Israeli policymakers will probably decide an EMP option is the least riskiest and most effective way to stop Iran from getting a bomb for a long time. I believe it will happen when the world least expects Israel to strike.

At 8:50 PM, Blogger Unknown said...

I believe that Israel MUST (assuming it attacks at all) destroy as must of the Abadan refinery complex as possible as part of its strategy to delay any Iranian nuke production for as long as possible. Such a plan offers several advantages:

1. It is easy to hit - land-based and sub-launched cruise missiles with dozens or hundreds of sub-munitions could destroy large parts of the complex...after all, you're dealing with petroleum and its refined products and by-products, all of which are highly inflammable. Iran has no missiles capable of shooting down these missiles, so it is riskless from the standpoint of Israeli casualties or POWs. It also preserves the full complement of Israeli F-15s for offensive and or defensive actions vs. Iran and others, including follow-up attacks on the nuclear facilities not destroyed or disabled in any attack that would occur in conjunction with attacks on Abadan.

2. It would cut Iran's future income that is available to finance further enrichment of uranium and development of rockets significantly by three actions:

a) they will have to import a lot of gasoline, diesel and other refined products to be back at square 1;

b) they won't get to square one, because the moment that the refinery (or a large part of its capacity) goes up in smoke, its economy will suffer, which means less tax revenue; and

c) they will have to spend a lot of money to rebuild it...knowing all along that any day of the week a repeat attack could occur, or some type of sabotage that looks a lot like an accident.

3) The biggest reason to do this is to foment unrest and to force the regime of the mullahs out by way of internal opposition. Yes, in the very short term there will be an upswing of Iranian nationalism that the mullahs will capitalize upon...but then a lot of people will realize that it is the fault of the mullahs that Israel struck - but for the nuke development and the threats against Israel, Israel would be friendly (and was, as proven in the Iran-Iraq war, during which Israel supplied Iran - yes, headed by the mullahs) with critical munitions and electronics, plus valuable intelligence.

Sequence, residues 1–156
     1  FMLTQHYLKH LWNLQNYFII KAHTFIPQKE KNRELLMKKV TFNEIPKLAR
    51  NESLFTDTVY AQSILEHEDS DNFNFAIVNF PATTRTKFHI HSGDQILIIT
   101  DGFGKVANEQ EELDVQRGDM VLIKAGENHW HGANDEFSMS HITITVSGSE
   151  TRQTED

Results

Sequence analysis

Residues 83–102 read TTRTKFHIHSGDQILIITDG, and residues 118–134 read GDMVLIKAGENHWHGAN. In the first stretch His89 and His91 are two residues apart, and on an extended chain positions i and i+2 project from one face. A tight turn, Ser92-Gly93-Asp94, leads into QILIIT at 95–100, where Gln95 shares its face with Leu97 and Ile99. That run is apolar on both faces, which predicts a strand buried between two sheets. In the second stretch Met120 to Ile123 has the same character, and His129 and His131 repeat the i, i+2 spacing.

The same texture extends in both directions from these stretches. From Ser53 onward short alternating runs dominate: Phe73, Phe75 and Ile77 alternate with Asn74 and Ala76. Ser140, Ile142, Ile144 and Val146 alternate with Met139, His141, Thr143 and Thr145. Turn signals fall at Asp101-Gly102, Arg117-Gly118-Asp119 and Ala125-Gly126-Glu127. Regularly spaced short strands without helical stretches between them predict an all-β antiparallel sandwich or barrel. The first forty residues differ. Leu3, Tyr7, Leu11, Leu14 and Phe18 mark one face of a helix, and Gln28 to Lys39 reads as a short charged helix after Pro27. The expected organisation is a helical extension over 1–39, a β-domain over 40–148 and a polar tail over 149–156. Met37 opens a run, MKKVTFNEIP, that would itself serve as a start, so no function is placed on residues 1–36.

As for using an EMP weapon, I am certain that it would be very effective from a military/technical point of view. Politically, however, I don't think that Israel can afford to be the first to cross that line when it is not engaged in active hostilities against a target nation. Not when there are other options available (such as an air raid, sabotage, etc.). By doing so, Israel would open itself to nuclear attack, specifically including an EMP attack that would cripple the entire nation and pave the way for a 2nd Shoah within days to weeks.

Risks? Well the biggest one is that everyone in the world (except oil sellers and refiners) would be ticked off at Israel due to far higher prices for oil and refined product. But all of these prices will go up (at least short term) whether Abadan is destroyed or not, and virtually no nation will (publicly) side with Israel in the event of ANY attack. SO, IMHO, the risks are about the same for Israel whether Abadan is attacked or not, but the rewards are much higher if it does such an attack. Since Israel probably only has one shot at this (from a political P.O.V.), it might as well do it right.

At 9:41 PM, Anonymous Anonymous said...

Norman i hadn't considered and EMP attack, is Israel capable of carrying that out? I am not a military planner but i would think it would be best to attack irans government first and at the same time knock out irans command and control. Then destroy their military bases. Then you can take your time destroying the nuclear capacity.